When I asked him what he liked about my paintings, my friend answered, “The composition. The wordless poetry.” Not the art-school-confidential color theory choices? “Nope. I just see brown, or what the doctors tell me is brown. I wouldn’t know from brown. I was born this way. I’m color blind.”
I couldn’t comprehend it. “What if there was an operation that gave you access to color?” I asked. “If you could see like everyone else, wouldn’t you want that?”
He pointed at the sky. “Look at this beautiful sunset. The reflections, the twilight melting into clouds, the stars peeking out.” He was happy with brown. With no access to the rainbow, there’s no template for convention. No context to draw upon for contrast. A genetic palette. Born this way.
Six months ago he listened to me babble about dead people stealing my thoughts. He took me to the hospital. I kept that visit secret from family and friends, knowing that another relapse would make me undesirable in their eyes. I’d already been there just eight months before. I thought I’d lost my best friend because of that stay. A shift in my insurance plan cost me my caseworker. My therapist had changed her practice. My support network was morphing, and I was unprepared.
Stress can trigger a breakdown. It usually begins with somatic delusions, that my skull is changing, or my hands have been replaced. Beliefs like these build in intensity until they’re firmly embedded as fact. Delusions of reference get up in there, too. Ideas pilfered from movies and media take root as my own. I lose my identity. I find my way back. Being familiar with the snarl doesn’t make it any easier. It takes work. I need help. I reach out.
Something new is learned with each cycle, but the illness will take much of that away. As a part of my treatment, a support system is necessary to help monitor the course of my episodes. A lifetime of undiagnosed schizophrenia forced a veil of compensation over a sunrise of brown.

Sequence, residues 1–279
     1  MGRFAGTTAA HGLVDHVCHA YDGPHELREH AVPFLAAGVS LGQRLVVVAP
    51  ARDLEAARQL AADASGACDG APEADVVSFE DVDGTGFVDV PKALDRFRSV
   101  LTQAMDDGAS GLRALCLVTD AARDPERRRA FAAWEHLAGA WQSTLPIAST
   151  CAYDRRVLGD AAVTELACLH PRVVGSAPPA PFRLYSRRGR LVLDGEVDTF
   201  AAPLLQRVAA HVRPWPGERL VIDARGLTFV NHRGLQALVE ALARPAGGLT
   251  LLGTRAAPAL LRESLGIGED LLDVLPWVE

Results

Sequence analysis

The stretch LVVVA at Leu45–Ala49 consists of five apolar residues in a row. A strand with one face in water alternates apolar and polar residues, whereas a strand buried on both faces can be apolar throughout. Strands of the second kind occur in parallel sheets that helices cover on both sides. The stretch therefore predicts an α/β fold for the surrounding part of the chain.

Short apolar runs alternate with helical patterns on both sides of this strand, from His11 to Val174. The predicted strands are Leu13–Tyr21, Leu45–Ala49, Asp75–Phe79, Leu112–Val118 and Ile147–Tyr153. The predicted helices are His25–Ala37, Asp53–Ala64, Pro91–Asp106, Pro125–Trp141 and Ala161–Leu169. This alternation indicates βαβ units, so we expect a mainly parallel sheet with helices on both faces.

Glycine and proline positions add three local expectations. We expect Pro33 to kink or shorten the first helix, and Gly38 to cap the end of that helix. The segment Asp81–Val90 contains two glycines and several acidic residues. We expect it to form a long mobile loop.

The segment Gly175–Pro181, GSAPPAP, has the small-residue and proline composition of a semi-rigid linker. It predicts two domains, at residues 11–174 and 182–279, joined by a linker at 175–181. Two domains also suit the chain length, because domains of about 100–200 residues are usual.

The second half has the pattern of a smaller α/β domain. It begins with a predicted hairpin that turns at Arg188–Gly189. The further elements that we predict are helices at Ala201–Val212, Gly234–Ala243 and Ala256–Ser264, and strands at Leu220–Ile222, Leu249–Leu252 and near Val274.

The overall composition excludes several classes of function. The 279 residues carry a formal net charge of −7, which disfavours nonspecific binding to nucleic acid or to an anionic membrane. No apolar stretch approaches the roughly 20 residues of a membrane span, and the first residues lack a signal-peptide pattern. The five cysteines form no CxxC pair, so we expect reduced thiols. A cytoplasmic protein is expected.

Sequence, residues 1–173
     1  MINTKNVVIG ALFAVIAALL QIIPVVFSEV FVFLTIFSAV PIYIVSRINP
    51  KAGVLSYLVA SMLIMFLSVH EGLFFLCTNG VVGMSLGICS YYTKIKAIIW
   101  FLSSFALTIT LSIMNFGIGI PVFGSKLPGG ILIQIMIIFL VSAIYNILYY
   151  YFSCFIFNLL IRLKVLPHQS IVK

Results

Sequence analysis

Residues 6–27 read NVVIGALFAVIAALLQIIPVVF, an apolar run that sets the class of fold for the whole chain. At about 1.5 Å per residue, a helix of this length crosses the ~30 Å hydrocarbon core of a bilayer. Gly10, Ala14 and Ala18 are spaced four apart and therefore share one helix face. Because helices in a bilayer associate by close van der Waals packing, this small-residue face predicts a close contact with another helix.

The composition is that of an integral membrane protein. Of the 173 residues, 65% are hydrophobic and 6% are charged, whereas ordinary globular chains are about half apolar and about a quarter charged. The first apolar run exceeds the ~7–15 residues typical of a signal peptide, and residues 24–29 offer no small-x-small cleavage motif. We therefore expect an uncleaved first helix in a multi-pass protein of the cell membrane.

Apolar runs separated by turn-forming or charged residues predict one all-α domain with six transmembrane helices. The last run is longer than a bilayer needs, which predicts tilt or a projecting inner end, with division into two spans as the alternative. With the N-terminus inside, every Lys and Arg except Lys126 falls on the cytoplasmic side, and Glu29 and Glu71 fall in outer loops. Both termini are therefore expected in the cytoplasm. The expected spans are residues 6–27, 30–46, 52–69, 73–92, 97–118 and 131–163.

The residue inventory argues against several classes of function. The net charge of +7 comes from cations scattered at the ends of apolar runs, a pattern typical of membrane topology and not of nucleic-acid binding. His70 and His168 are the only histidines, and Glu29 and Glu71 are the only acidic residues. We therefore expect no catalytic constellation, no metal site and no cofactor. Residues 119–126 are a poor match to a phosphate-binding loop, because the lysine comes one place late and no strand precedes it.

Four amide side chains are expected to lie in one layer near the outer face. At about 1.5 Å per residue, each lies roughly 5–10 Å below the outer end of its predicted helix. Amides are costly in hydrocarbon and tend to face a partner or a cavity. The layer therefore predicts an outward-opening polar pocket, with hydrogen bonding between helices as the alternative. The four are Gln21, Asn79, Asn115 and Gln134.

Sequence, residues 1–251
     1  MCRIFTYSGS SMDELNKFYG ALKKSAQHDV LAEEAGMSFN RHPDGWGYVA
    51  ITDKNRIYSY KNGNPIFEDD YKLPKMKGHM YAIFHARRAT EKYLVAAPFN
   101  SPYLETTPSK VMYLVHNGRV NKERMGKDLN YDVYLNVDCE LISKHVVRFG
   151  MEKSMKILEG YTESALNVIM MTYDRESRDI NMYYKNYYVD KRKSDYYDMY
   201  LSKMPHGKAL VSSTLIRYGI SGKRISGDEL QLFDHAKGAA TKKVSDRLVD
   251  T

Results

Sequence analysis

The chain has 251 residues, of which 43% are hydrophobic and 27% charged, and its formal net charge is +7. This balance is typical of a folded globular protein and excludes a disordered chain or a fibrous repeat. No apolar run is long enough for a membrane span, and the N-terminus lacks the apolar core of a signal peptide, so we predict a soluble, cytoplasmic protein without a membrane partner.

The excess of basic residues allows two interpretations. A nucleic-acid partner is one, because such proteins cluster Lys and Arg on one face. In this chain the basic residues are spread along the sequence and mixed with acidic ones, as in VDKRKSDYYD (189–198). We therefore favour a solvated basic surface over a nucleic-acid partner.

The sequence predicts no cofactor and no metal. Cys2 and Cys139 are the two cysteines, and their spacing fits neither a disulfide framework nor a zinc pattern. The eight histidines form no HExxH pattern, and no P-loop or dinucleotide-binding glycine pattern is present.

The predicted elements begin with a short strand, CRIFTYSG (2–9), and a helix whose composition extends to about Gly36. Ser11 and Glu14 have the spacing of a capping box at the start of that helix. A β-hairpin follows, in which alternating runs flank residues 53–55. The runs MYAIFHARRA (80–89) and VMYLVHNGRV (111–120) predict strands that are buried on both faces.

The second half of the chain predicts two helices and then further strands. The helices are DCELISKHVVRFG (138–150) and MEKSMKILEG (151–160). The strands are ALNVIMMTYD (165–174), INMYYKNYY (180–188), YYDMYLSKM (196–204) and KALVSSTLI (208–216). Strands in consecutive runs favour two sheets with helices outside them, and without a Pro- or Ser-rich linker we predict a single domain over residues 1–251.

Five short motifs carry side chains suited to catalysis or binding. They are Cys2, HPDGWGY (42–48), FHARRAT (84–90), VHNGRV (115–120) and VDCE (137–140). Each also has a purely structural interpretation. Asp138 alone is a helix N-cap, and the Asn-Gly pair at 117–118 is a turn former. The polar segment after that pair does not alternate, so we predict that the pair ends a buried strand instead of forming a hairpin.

Four weeks ago I was back in the ER with a severe panic attack. My friend Coach stayed with me through the process. We talked about the challenges a mental illness can have on a friendship. That evening I made a decision. I would try medicating again. I felt like I needed the external assistance, if only to lift the burden off of the people around me. Something to augment my therapy sessions and support group meetings.
I am not against using medication. I’ve been administered chlorpromazine to stabilize me, and clozapine when I was suicidal. Four years before my official diagnosis, one physician thought bupropion might help my depression. After reading a disclaimer from the pharmaceutical company, a bottle of olanzapine sat unopened in my dresser drawer. Its rote prescription following a truncated psych eval discouraged my hope for health system parity.
Trial prescriptions of clonazepam, alprazolam, and venlafaxine were not very effective in alleviating my symptoms of anxiety. I didn’t take to them well. I felt disoriented and fearful and got physically ill. The only medication that my tiny constitution seems to respond to with any success is lorazepam; it appears to offer some relief from the state of constant worry. My schizophrenic symptoms still operate in the background, I just don’t have to pay them any mind. At least for now. And that’s alright.
The public is unaware of the shame perpetuated by the offhanded remark that a person is “off their meds”. That quip and its inference can’t begin to describe what happens when one’s chemistry is augmented. In my case, it is the clear understanding that I have no context for the common reality. No access to the rainbow, and no template for convention.
Since childhood, I have lived reality informed through schizophrenia. It’s the world that I know, life as I’ve come to live it. From the vantage point of my medicated self, there is nothing inherently wrong with my condition, and nothing in any way wrong with me. Unmedicated, I’m inclined to question that. And there’s the rub.
If you are in danger of harming yourself, any treatment plan that works is saving your life. My position is that we need to work with our professionals to find a plan best suited for us. Each individual is as different as their diagnosis. There is no one generic plan. We don’t need to accept a twilight without stars. We deserve a kaleidoscopic sky.
I am willing to try new avenues because I respect myself. Even if I could be like everyone else, I wouldn’t necessarily want that. There’s a certain beauty in being who we are. I was born this way.